Gene regulation during cellular stress and its role in disease and resistance to therapy

Cells are exposed to various environmental stresses and have evolved dedicated genetic programs to survive and proliferate despite the challenges. Cellular stress response pathways have emerged as drivers of human diseases including cancer, diabetes and neurodegeneration. We are using multi-omics analyses to gain insight into post-transcriptional gene regulation during stress.

The Unfolded Protein Response (UPR)

The endoplasmic reticulum (ER) is the main cellular compartment in protein folding and maturation with about one third of the proteome being synthesized at the ER. Perturbation of ER proteostasis and accumulation of unfolded proteins trigger an adaptive signal transduction pathway, the Unfolded Protein Response (UPR), that adjusts gene expression to restore cellular homeostasis.

To gain a better understanding of the UPR we have generated comprehensive datasets of the UPR in cellular models using a multi-omics approach. This endeavor was pursued in a collaborative effort with the labs of R. Ahrends (ISAS Dortmund), B. Tews (DKFZ Heidelberg), G. Tödt (EMBL Heidelberg), and C. Knobbe-Thomsen (Heinrich-Heine University Düsseldorf) in the framework of the SUPR-G consortium (Systems biology of the Unfolded Protein Response in Glioma) which was funded by the German Federal Ministry of Education and Research (BMBF) in the framework of the e:Med initiative.

Analysis of transcriptomic and proteomic changes after induction of the UPR in glioblastoma cells.

Timeline and major achievements

Select publications

Reich S, Nguyen CDL, Has C, Steltgens S, Soni H, Coman C, Freyberg M, Bichler A, Seifert N, Conrad D, Knobbe-Thomsen CB, Tews B, Toedt G, Ahrends R, and Medenbach J: A multi-omics analysis reveals the unfolded protein response regulon and stress-induced resistance to folate-based antimetabolites – in Nature Communications, DOI:10.1038/s41467-020-16747-y

Meindl A, Romberger M, Lehmann G, Eichner N, Kleemann L, Wu J, Danner J, Boesl M, Mesitov M, Meister G, König J, Leidel S, Medenbach J: High resolution and rapid ribosome profiling from low-input samples. bioRxiv, 2022,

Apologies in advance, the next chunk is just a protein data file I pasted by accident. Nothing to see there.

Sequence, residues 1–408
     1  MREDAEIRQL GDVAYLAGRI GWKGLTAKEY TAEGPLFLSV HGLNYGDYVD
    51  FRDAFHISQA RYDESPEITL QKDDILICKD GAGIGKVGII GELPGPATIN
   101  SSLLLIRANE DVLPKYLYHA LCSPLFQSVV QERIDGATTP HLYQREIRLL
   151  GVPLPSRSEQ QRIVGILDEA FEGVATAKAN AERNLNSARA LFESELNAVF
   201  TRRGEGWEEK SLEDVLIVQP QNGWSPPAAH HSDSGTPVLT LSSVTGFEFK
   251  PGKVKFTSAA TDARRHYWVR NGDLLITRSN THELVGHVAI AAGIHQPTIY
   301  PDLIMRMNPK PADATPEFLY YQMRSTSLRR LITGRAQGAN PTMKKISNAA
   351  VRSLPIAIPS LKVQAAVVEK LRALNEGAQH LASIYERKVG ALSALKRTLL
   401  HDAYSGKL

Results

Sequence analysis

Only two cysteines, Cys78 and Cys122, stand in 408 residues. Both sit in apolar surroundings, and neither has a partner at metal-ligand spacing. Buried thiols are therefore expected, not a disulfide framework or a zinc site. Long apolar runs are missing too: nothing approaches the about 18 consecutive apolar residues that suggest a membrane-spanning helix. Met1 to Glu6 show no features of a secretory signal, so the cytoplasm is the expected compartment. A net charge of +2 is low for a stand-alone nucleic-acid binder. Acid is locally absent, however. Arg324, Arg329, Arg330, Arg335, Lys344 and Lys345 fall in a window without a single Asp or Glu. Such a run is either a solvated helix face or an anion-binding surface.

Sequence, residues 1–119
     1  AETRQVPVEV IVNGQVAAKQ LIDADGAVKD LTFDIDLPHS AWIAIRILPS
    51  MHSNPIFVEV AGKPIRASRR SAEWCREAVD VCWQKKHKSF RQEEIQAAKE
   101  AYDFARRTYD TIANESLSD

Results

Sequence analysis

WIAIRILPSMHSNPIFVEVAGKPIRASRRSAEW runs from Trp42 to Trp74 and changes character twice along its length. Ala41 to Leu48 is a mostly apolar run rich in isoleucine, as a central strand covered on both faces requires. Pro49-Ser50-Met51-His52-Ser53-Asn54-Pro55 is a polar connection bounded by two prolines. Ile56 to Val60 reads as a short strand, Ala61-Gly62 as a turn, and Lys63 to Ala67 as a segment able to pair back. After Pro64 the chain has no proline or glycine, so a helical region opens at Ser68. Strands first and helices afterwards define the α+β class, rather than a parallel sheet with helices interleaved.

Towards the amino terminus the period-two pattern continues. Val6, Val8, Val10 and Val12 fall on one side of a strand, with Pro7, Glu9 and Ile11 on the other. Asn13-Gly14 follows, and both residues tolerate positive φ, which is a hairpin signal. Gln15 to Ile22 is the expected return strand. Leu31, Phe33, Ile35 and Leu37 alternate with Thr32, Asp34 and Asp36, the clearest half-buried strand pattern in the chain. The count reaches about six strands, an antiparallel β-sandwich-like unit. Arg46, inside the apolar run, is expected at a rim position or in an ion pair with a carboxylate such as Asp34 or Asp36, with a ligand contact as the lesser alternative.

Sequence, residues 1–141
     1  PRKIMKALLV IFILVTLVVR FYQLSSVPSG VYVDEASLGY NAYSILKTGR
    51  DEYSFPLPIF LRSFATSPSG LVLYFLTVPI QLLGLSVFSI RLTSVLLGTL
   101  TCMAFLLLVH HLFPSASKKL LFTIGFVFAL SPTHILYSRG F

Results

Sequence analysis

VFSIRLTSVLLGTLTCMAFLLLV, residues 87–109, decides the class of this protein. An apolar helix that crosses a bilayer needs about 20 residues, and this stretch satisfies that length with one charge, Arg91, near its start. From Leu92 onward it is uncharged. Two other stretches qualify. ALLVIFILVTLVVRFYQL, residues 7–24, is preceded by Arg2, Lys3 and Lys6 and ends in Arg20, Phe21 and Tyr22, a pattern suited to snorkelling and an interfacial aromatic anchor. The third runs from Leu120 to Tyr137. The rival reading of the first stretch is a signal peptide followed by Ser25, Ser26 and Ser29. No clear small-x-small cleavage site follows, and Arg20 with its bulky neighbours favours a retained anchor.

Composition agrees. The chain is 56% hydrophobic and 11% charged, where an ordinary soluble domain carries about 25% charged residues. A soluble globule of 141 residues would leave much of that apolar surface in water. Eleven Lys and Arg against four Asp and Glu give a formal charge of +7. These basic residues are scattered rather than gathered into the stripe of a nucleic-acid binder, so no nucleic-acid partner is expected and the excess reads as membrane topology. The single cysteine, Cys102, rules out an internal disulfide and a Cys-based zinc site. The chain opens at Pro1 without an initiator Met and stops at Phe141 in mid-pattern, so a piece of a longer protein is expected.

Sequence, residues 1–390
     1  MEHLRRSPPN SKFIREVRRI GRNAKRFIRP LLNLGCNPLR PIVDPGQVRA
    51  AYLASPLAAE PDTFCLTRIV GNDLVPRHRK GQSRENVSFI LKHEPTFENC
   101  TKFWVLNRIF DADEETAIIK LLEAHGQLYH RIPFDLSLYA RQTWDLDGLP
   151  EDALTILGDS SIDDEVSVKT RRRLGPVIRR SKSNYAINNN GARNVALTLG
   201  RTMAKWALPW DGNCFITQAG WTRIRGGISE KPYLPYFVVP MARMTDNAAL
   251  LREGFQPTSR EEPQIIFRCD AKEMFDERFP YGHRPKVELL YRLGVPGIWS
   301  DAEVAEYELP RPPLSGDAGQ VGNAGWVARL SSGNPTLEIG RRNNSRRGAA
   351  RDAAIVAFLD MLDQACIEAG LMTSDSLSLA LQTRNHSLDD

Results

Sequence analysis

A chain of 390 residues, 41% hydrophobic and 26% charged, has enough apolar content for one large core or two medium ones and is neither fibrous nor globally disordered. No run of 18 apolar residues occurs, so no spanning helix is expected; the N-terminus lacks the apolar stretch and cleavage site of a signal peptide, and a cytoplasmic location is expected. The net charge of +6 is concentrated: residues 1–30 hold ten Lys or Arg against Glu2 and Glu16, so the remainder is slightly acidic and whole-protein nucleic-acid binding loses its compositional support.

Nguyen C, Malchow S, Reich S, Loroch S, Sickmann A, Tews B, Medenbach J, and Ahrends R: PRM-deep: A sensitive and simple targeted proteomics approach to quantify transcription factor and membrane proteins of the unfolded protein response pathway in glioblastoma cells. Sci. Rep., 2019, 9, Article number: 8836,

Kopczynski D, Hentschel A, Coman C, Schebb NH, Hornemann T, Mashek DG, Hartung NM, Shevchuk O, Schött H-F, Lorenz K, Torta F, Burla B, Zahedi RP, Sickmann A, Kreutz MR, Ejsing CS, Medenbach J, and Ahrends J: Simple targeted assays for metabolic pathways and signaling: a powerful tool for targeted proteomics, Analytical Chemistry, accepted for publication.

Wirthschaft P, Bode J, Soni H, Dietrich F, Krüwel T, Fischer B, Knobbe-Thomsen CB, Rossetti G, Hentschel A, Mack N, Schönig K, Breckwoldt MO, Schmandke A, Pusch S, Bendszus M, Schwab ME, Medenbach J, von Deimling A, Kool M, Herold-Mende C, Reifenberger G, Ahrends R, and Tews B: RhoA regulates translation of the Nogo-A decoy SPARC in white matter-invading gliomas – Acta Neuropathol (2019),

Collaborating labs

Robert Ahrends  – Department of Analytical Chemistry, University of Vienna (previously at the Leibniz-Institute for Analytical Sciences (ISAS), Dortmund, Germany)

Grischa Tödt – previuosly at the Structural and Computational Biology Unit, European Molecular Biology Laboratory (EMBL), Heidelberg, Germany

Bjoern Tews – previously at the German Cancer Research Center (DKFZ), Heidelberg, Germany, now at AbbVie

Christiane Knobbe-Thomsen – previously at the Heinrich Heine University Düseldorf


We are grateful for the financial support by the federal Ministry of Education and research (BMBF) in wthe framework of the e:Med initiative.